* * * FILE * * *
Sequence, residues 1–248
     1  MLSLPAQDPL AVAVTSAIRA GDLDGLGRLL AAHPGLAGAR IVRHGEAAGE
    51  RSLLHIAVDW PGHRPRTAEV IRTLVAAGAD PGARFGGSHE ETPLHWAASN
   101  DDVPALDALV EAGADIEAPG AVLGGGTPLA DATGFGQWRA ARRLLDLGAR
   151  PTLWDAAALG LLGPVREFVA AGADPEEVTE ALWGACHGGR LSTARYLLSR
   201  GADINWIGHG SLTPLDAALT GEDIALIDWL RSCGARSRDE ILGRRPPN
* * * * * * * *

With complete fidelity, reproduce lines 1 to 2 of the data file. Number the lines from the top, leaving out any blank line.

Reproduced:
Sequence, residues 1–248
     1  MLSLPAQDPL AVAVTSAIRA GDLDGLGRLL AAHPGLAGAR IVRHGEAAGE